Hamas in charge

BESHARA DOUMANI, an associate professor of history at UC Berkeley, is the author of "Rediscovering Palestine" and editor of "Academic Freedom After September 11."

JAN. 25, 2006, marks the end of a 50-year period during which the Palestinian national movement was dominated by a secular political culture -- and the beginning of a new phase of unknown duration dominated by an Islamist political culture.

The consequences are huge, not just for Palestinians but for the Middle East and for global movements of change as a whole. This is because the question of Palestine has become a fundamental symbol of the dark side of the modern condition and a weathervane for the nature of politics in the 21st century.

Hamas won 76 out of the 132 seats of the Palestinian parliament, while Fatah took only 43 seats. The final results might change slightly, but the basic picture is clear. Hamas’ landslide means that it will take over most of the institutions of the Palestinian Authority in the West Bank, East Jerusalem and the Gaza Strip. Hamas will set the political agenda for that segment of the Palestinian population living under Israeli military rule. Its victory will also bolster the position of Islamists in the Palestinian diaspora and among the Arab citizens of Israel.

It remains to be seen what effect a Hamas victory will have on the social and cultural rules of society -- school curricula, personal status laws, public dress and other areas that Islamists have traditionally sought to influence.


In terms of the relationship with Israel, nothing fundamental will change, but the mask will be off. “Parliament” and “government” are words that connote a sovereignty that is absent in reality. The mantra “there is no partner for peace” has been an ironclad law of Israeli policy toward the Palestinians since the days of the British Mandate. Prime Minister Ariel Sharon’s version was only the latest incarnation of the phrases we’ve heard so often: “There are no Palestinians” is how Golda Meir put it. “The PLO is a terrorist organization” was the line of successive Israeli governments until Oslo in 1993. “We will not negotiate with Arafat” was the catchphrase of the post-Oslo era.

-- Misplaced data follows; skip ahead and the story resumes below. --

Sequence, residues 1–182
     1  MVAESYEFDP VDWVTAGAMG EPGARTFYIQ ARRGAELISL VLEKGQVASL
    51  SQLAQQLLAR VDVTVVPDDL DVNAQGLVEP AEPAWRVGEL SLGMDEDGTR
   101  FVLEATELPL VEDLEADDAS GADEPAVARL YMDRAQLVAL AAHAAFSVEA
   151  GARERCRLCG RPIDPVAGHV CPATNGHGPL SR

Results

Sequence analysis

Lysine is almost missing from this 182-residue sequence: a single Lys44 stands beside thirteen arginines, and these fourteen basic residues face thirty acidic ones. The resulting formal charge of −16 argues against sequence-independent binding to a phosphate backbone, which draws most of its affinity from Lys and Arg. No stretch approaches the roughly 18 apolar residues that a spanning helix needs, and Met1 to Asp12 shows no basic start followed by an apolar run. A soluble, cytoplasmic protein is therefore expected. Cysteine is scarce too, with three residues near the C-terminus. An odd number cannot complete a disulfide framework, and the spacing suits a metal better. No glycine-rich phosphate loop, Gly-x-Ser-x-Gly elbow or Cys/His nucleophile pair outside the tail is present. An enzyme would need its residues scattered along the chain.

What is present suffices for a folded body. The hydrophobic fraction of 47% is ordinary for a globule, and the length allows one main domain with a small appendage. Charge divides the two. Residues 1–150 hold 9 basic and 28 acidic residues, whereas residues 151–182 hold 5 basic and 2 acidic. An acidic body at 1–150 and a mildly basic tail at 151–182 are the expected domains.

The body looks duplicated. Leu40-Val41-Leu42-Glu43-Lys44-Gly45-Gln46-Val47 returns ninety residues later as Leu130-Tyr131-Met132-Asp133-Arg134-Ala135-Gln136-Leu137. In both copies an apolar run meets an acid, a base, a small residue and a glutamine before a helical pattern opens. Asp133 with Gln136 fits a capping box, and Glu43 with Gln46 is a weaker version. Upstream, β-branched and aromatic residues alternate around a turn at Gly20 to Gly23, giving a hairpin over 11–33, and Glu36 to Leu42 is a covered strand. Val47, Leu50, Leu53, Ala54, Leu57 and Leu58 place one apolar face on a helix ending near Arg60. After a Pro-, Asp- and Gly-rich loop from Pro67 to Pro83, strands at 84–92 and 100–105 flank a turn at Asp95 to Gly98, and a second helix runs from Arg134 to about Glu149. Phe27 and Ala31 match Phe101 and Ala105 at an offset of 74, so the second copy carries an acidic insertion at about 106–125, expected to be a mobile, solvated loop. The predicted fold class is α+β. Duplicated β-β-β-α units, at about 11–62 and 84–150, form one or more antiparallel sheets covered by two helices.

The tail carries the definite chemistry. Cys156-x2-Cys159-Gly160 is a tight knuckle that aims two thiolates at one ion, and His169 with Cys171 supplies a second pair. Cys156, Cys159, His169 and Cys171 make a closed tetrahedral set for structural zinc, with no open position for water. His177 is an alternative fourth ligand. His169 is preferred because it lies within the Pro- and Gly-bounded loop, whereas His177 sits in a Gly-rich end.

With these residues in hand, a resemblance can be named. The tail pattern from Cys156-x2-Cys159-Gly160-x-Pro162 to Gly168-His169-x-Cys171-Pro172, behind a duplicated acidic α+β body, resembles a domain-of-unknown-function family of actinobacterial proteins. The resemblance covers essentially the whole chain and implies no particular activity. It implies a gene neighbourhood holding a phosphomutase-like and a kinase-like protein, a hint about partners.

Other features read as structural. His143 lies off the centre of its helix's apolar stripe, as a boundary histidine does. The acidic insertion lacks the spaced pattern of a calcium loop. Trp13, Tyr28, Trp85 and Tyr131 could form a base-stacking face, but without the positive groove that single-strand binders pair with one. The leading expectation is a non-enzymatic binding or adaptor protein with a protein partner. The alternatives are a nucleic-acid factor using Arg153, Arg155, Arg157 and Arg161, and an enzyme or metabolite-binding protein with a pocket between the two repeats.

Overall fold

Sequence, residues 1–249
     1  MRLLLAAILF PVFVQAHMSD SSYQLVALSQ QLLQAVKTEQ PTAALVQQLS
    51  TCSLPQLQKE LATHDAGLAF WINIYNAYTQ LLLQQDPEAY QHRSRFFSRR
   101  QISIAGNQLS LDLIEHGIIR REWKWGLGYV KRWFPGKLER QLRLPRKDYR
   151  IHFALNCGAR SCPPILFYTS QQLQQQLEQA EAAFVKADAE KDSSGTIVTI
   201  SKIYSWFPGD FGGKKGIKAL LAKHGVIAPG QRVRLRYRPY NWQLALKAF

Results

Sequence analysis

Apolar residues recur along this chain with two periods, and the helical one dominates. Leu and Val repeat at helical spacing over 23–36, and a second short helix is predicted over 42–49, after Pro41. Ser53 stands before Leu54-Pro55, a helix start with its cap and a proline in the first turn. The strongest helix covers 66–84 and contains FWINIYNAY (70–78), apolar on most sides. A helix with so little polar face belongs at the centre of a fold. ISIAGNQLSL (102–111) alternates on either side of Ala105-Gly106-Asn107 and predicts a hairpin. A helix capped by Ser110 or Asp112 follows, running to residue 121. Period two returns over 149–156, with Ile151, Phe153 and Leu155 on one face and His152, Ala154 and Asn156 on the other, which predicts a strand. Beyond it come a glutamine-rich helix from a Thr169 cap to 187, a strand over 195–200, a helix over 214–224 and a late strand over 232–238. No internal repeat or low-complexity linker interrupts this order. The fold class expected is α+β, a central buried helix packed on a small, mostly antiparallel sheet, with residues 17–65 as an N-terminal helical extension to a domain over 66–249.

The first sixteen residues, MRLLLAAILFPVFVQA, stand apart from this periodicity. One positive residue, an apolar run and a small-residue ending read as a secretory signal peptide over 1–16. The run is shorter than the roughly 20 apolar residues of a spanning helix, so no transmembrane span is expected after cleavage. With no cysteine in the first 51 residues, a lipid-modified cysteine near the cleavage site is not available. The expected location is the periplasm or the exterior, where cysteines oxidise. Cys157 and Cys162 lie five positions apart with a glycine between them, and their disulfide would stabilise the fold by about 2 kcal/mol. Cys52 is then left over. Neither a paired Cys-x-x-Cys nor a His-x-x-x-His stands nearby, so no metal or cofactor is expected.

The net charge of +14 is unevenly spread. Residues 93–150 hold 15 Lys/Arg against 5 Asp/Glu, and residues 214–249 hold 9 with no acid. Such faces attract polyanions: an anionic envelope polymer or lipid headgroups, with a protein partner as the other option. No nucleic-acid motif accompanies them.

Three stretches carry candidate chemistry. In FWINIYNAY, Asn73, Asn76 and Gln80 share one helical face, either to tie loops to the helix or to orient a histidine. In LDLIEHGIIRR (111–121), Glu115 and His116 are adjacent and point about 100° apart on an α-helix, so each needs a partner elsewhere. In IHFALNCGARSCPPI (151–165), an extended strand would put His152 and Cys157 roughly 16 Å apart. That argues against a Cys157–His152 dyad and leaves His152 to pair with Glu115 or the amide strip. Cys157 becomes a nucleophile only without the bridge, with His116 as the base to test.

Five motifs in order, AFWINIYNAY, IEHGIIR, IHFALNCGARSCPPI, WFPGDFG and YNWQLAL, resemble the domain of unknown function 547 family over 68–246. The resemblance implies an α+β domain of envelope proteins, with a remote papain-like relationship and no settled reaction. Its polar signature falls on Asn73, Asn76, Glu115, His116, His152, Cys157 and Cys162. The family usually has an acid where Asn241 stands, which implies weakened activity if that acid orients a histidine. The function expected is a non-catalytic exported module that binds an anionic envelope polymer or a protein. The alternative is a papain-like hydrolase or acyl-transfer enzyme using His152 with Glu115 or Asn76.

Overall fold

It wasn’t really Hamas that eviscerated Palestinian Authority President Mahmoud Abbas and Fatah in the elections. It was the Israeli governments that engineered the failure of the “peace process” to produce fruit, and the Fatah leadership’s gluttony that blinded them to the consequences of their own failures. Still, the Hamas victory will make it much easier for Israel to sell the “no partner for peace” line.

Elections are but a snapshot, and there are myriad factors that can skew results. But there is a larger truth: After Oslo, the daily life of Palestinians in the occupied territories has deteriorated to almost subhuman levels, largely because of Israeli policies. The best that people hope for is to keep their heads above water and pray that their society will not suffer a complete collapse. At times like these, people turn to God and to each other. Hamas has helped them to do both, and it has something to show for it.